Types of Kimono - Edo Komon

After seeing from most formal to gradually semi-formal kinds of kimono - furisode, kurotomesode, irotomesode, houmongi, tsukesage and iromuji - it's time to start covering the more casual types!

Komon, meaning "small pattern", is a generic name for a kimono with repeated patterns all over the fabric. The Edo Komon is a specific kind of komon that became most popular in ancient Tokyo - then named Edo - and has it's patterns formed by thousands of tiny dots.

Edo komon. In the detail shot, countless little white dots that create the pattern can be seen.

In old times, Edo komon was typically blue with white dots. That's because the raw-colored silk was covered in the dot region, then dyed, so the dots would remain white. Now, it also comes in other colors, althou the dots tend to be still white.

Since it's pattern is so small, Edo komon seems to be of solid color from a distance. That makes it almost as formal as iromuji, so it can be worn to casual parties, dinners, graduations (not for the person graduating) and social events. Also like iromuji, it's a quite versatile kind of kimono, becoming more formal if crested, or more informal if paired with casual obi and accessories.

Zooming in the pictures is quite essential in the next examples. ;P *

Edo Komon looks solid from afar but, looking closer, the tiny pattern 
creates a visual texture, and then, up very close, it becomes visible.

Iromuji? Looks like it, but zooming in at the fabric again and again...
There you are, minuscle flower dotted pattern! XD

This example uses an interesting "patchwork" effect with various patterns, all created by dots. Notice how the different dot sizes and configurations provide several textures and shades on the same background color.

This specific dot configuration, in overlapped circles, is called same komon, or "sharkskin" komon. It's very traditional, being used in the samurai ceremonial garment kamishimo in old times.

++ If you're interested, this website has a lovely list of a few traditional and seasonal Edo komon patterns, with example pictures and brief but informative explanations: Hirose Dye-Works.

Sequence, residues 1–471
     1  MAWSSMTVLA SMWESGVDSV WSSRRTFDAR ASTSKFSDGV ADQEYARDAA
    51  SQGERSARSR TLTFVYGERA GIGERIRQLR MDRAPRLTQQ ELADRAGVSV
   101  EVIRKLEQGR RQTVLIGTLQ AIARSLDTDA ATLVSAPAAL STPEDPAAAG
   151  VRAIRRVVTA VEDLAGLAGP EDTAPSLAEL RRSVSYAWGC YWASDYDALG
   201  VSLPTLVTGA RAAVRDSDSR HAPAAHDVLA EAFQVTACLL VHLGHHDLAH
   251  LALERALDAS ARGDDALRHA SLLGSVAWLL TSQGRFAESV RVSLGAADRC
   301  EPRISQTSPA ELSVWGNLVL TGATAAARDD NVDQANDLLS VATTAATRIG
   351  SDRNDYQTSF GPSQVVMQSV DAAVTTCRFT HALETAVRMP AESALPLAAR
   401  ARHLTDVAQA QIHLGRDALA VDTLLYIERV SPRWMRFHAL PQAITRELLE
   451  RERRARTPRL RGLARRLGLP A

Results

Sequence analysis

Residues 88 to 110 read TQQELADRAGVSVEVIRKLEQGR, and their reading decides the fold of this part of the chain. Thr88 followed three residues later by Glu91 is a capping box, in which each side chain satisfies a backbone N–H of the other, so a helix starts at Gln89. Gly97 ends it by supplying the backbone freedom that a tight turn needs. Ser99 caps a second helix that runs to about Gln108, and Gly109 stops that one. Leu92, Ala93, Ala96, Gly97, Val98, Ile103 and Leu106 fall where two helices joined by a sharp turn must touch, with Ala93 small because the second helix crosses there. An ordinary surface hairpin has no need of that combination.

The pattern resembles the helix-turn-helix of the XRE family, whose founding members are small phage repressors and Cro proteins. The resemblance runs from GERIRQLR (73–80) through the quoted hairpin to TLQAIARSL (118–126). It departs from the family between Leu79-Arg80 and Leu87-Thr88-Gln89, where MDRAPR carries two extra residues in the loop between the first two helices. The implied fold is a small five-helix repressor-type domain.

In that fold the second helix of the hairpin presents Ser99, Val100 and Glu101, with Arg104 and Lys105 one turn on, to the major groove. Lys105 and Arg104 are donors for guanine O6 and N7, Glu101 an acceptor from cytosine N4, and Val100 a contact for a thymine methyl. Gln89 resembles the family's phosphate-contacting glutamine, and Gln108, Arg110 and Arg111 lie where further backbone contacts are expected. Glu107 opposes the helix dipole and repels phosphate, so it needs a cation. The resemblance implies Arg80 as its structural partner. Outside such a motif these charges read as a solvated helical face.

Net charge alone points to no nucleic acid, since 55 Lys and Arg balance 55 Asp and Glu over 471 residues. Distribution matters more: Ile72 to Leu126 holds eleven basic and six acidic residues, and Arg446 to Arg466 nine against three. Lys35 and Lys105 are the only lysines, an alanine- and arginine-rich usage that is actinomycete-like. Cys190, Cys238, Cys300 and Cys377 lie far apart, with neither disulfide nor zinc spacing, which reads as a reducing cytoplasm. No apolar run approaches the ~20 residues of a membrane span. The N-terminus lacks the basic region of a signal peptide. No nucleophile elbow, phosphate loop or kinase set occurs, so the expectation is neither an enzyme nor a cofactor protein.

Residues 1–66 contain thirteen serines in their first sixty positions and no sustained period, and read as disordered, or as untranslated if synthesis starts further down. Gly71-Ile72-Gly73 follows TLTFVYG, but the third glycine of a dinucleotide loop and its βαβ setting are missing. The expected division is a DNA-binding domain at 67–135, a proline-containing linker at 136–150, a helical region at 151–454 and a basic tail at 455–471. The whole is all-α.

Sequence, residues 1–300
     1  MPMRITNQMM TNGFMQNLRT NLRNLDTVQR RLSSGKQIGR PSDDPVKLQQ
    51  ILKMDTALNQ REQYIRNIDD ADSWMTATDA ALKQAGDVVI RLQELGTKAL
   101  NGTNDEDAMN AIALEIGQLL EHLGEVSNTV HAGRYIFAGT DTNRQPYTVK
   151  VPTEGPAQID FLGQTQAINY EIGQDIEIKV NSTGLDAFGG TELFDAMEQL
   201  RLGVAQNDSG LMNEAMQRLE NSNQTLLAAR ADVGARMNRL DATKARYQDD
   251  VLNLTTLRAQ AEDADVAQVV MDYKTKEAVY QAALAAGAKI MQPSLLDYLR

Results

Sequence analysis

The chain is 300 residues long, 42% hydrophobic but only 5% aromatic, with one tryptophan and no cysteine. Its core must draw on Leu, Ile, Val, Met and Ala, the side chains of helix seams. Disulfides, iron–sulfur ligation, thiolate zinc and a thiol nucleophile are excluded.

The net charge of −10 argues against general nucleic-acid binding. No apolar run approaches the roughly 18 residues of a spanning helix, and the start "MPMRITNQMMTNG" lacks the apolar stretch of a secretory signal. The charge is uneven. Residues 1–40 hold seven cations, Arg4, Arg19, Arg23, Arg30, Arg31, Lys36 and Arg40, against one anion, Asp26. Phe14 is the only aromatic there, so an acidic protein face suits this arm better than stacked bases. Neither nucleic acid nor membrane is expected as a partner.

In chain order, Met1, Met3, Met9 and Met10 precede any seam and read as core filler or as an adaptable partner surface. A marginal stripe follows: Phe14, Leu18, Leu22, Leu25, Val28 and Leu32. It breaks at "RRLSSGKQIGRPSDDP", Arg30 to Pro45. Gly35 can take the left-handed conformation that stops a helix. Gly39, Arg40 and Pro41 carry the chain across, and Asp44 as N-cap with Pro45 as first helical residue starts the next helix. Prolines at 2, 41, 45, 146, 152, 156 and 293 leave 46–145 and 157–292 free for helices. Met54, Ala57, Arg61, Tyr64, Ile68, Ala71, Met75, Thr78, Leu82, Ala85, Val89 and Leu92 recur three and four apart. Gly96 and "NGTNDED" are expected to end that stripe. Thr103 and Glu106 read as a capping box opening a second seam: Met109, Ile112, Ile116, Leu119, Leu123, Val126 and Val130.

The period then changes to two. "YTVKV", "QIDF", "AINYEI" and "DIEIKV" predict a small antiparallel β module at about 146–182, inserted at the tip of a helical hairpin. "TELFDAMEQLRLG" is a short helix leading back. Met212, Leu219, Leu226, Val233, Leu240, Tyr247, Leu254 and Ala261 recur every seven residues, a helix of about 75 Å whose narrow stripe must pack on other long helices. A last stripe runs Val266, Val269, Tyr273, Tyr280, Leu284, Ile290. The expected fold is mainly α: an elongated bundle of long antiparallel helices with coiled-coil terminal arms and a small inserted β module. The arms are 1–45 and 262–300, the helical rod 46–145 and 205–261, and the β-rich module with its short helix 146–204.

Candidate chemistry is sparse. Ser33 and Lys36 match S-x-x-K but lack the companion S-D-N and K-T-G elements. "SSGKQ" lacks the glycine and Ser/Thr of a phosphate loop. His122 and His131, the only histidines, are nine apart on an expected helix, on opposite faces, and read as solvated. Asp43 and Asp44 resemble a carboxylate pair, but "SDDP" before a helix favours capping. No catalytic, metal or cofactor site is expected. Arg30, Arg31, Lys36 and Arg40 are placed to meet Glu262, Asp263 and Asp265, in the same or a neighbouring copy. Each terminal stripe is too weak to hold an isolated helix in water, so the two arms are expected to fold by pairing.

Edo komon is often worn with taiko musubi - that can be both formal or "daily" musubi, depending on the obi motif/fabric. but I've also seen it worn with tsunodashi/ginza musubi - which would be a good choice to a more informal look. Musubi is not my specialty, but I imagine other kinds of semi-formal and casual knots may be adequate too, if the situation is informal. As for kinds of obi, I'd say Nagoya obi and Hanhaba obi are a good choice to go with Edo komon - the latter being for a more casual style. Fukuro obi is probably too dressy from this level of kimono formality and "under".

Edo komon with sakura (cherry blossoms) pattern, worn with
taiko musubi, maybe the most versatile of all obi knots.

Now, to make things a bit complicated (as kimono loves to do ^^;)... Althou Edo komon technically has it's pattern made of dots, during my research for this post I found not-dotted kimono labelled as "Edo komon" (including at the store where this post's examples are from). It confused me a bit, but maybe any komon with very small, repeated, non-colored patterns can be considered "Edo komon"?

Here are some "Edo komon" patterns, but the two on the left 
aren't really made of dots - but small stripes and squares.

Interesting and a bit ambiguous... I wonder - and this is my supposition! Don't quote me on that! XD - if in that case, the most subtle the pattern, the more that Edo komon resembles an iromuji, therefore the less casual it is... On the other hand, Edo komon with bigger/more defined patterns - but that still looks like a "texture" - are more informal, being visually closer to the regular Komon...

This is labeled as Edo komon, but the pattern is big enought not to be mistaken with a solid color. Also, it's not made of dots, but little geometric shapes. Still, the effect is of a "texture" on the kimono... I wonder if that's the main aspect that defines Edo komon in the daily/comercial use of the term?

Looking from afar, this Edo komon with little squares seems pratically of solid color. Somehow it strikes me as more formal than the example above, with similar color scheme, but more visible patterns.

Tiny stripes versus small stripes. They're both labeled by the store as Edo komon, but the left one has a much softer texture effect, so - if I had to guess - I'd personally say it looks more formal than the one in the right. (I loved the subtle touches of red on the later one, by the way <3).

...I was planning to cover Komon on this post too, but Edo komon took too much space! XD I'l cover komon on the next post, so, thank you for your patience! ^^;

*These examples are from Kimono-Asobi, so, to see more Edo komon, go check it out! ^^

Um comentário:

  1. I appreciate your learning our complicated culture. In Japan, Iromuji can be formal when having family crest. It is useable for many situations. Without family crest, it is informal. Tied by black Fukuro obi, Otaiko, we can use informally for funeral.